Distribution of income and expenditure to the Caribbean Netherlands 2019

On 9 July 2015, the Ministry of the Interior and Kingdom Relations sent an overview to the Second Chamber and the public entities of Bonaire, St. Eustatius and Saba with a global breakdown of the income and expenditure per island in the Caribbean Netherlands. This overview showed that respectively 47.2%, 24.1% and 16.9% of the financial flows towards Bonaire, St. Eustatius, Saba are covered by the premium and tax income from the islands.

The choice for the financial year2019

This overview is based on the financial year 2019. This is to provide a realistic picture of the overall distribution of income and expenditure per island. After all, in 2020 the central government spent about 100 million euros extra on Bonaire, St Eustatius and Saba on support packages due to the Corona pandemic than in previous years. In addition, the central government has also received a total of about 10 million euros less tax and premium from the Caribbean Netherlands. Therefore, 2020 would lead to a distorted picture of the global distribution. This means that the global distribution for 2019 provides the most recent, realistic picture of how the expenditure towards the Caribbean Netherlands relates to the income received by the central government from the Caribbean Netherlands.

Tax and premium income

Over the calendar year 2019, the Tax and Customs Administration / Caribbean Netherlands (B/CN) has inventoried the receipts of the state taxes and national insurance contributions for each of the three islands of the Caribbean Netherlands. In total, 162 million euros were received in state taxes and premiums.

Broken down by island, the following picture emerges:

Proceeds 2019 State taxes and national insurance contributions

In million USD
Bonaire 152,02 82,34%
St Eustatius 22,60 12,23%
Saba 10,03 5,43%
Total 184,63 100%


Government expenditure in the Caribbean Netherlands

To make a breakdown of government expenditure on Bonaire, Sint Eustatius, and Saba have been chosen for the financial year 2019. For just under half of the expenditure, it is possible to determine exactly which expenditure has been incurred for which island. For the remaining expenditure, the same principles have been used as far as possible in the overview for 2014 to arrive at a breakdown by island:

  • As with the previous overview of 2014, expenditure on kingdom tasks, such as defense and foreign affairs, has not been included, because these expenses benefit all countries of the Kingdom.
  • It has been decided to also take incidental financial flows, such as the special benefits, to the islands. This can again give a distortion by, for example, multi-year expenditure in which a large amount just took place in 2019 or just not. Think of the expenditure of the Ministry of Infrastructure and Water Management for the airport on St Eustatius (€5.9 million). However, just as for the overview of 2014, the consideration was made that not including incidental expenditure does not give a good picture of total government expenditure.
  • The expenditure of the Ministry of Social Affairs and Employment (mainly benefits) and student finance (Ministry of Education, Culture and Science) have a strong relationship with the number of inhabitants; therefore, this expenditure was allocated in proportion to the number of inhabitants per island. For the distribution of the number of inhabitants, the CBS figures from 2019 were used.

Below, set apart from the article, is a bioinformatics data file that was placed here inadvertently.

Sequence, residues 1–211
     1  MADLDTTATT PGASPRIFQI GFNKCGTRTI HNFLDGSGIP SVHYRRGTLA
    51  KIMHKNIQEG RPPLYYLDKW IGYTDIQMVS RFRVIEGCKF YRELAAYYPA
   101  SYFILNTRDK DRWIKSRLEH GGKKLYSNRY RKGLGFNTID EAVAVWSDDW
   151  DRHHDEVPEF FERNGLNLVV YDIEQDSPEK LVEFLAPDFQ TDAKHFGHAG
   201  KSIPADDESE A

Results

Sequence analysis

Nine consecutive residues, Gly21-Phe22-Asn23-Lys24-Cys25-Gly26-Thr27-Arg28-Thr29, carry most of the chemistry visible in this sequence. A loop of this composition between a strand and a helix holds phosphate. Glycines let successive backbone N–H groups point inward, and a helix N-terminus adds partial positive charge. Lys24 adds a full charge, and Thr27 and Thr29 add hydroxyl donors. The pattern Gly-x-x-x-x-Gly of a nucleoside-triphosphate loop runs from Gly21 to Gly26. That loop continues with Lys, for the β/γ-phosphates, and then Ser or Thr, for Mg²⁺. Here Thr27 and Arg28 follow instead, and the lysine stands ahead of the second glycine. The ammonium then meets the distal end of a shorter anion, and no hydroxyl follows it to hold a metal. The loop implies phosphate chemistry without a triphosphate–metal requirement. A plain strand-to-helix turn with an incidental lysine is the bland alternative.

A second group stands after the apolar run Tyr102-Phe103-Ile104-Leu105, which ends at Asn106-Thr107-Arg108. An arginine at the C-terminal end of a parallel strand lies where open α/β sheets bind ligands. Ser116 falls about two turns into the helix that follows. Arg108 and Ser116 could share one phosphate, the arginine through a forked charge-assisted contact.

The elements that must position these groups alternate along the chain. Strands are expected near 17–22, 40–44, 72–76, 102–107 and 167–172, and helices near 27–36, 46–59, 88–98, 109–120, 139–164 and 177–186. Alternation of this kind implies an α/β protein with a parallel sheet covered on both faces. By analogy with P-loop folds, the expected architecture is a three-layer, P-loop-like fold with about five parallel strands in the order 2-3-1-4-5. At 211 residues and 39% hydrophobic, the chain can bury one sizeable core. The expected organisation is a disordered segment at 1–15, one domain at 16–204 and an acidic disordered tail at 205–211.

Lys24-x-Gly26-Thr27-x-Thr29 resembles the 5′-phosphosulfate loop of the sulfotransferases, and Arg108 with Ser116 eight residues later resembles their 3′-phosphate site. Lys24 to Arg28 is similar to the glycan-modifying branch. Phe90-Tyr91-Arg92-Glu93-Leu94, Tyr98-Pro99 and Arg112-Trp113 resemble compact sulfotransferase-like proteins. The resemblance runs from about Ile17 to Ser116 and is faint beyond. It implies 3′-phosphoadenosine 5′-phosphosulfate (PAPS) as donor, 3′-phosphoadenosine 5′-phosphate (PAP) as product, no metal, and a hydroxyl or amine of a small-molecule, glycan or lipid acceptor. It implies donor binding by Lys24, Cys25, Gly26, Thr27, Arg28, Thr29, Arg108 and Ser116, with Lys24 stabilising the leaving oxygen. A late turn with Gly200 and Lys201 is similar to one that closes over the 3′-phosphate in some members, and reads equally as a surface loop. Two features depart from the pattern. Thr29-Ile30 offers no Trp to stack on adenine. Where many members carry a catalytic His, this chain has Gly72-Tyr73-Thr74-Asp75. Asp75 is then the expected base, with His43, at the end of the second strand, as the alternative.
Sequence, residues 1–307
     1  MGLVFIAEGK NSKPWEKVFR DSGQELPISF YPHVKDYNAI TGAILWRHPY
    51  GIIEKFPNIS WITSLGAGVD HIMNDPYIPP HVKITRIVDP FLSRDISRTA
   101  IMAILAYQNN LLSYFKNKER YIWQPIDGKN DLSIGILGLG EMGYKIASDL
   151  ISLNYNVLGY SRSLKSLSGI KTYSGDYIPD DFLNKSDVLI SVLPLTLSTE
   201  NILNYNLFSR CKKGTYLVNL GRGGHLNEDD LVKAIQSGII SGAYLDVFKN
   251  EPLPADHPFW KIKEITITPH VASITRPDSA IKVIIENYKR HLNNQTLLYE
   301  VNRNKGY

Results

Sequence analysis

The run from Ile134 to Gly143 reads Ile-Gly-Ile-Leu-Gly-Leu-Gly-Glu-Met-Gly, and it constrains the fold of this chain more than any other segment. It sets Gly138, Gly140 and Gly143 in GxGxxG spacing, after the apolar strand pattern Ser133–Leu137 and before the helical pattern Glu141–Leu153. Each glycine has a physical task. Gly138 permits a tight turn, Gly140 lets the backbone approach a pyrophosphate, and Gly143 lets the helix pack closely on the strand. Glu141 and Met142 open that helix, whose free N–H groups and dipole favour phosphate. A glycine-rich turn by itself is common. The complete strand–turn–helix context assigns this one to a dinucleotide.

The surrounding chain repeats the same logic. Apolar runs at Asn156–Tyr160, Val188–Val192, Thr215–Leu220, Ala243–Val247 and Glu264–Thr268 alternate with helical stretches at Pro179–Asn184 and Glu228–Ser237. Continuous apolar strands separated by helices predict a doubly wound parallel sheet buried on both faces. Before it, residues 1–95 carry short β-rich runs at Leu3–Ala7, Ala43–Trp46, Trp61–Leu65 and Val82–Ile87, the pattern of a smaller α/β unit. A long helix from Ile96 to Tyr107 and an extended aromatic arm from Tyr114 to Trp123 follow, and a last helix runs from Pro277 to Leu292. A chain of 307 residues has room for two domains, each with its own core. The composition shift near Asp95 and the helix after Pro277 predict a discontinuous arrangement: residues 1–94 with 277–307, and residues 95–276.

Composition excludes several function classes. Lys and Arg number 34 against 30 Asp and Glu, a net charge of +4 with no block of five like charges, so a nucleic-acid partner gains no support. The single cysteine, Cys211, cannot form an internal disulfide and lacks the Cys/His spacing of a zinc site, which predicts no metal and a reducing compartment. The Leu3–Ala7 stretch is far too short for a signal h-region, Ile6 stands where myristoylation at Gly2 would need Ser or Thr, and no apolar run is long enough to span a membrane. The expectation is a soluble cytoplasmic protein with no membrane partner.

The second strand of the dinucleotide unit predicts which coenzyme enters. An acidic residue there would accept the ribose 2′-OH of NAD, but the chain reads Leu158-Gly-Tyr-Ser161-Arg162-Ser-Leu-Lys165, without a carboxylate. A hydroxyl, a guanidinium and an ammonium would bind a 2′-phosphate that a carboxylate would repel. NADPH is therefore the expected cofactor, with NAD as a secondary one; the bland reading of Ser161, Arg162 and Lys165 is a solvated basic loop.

• Part of the expenditure (almost €53 million) benefited all three islands and could therefore not be split up. This applies, for example, to police personnel rotating across three islands. To make the best possible distribution of government expenditure, the so-called CN key was used for the non-disaggregatible expenditure, just as in the previous overview. Half of the expenditure is divided equally between the three islands and the other half of the expenditure is in proportion to the inhabitants. This expresses that the number of inhabitants is important, but that the small scale of the Windwards causes extra costs compared to the more inhabitant-rich Bonaire.
  • The Free Benefit is calculated by taking the gross free distribution and adding the additional LPO (adjustment wage and price development).

Based on the explained assumptions and starting points, the following picture emerges of the expenditure per island:

Government expenditure 2019 (in M€ )                                            

Bonaire 268,80 60%
St Eustatius 99.34 22%
Saba 76,10 18%
Total 444.24 100%



Considering the assumptions and principles explained above, this leads broadly to the following tax and premium income and expenses in the Caribbean Netherlands:


Net expenditure and income by island National expenditure CN

(in €1.000)

Taxes and premiums

(in €1,000)

Revenue expressed as % of government expenditure


Revenue expressed as % of government expenditure



Bonaire 268,80 133,35 49,6% 47,2%
St Eustatius 99,34 19,81 19,9% 24,1%
Saba 76,10 8,80 11,6% 16,9%


In conclusion, the central government received around €162 million in revenue from the Caribbean Netherlands in 2019 and incurred expenditures amounting to around €444 million. This means that 49.6%, 19.9% and 11.6% of the central government’s spending on Bonaire, St Eustatius and Saba are covered by income from these islands respectively.

The full letter (in Dutch) can be downloaded HERE.

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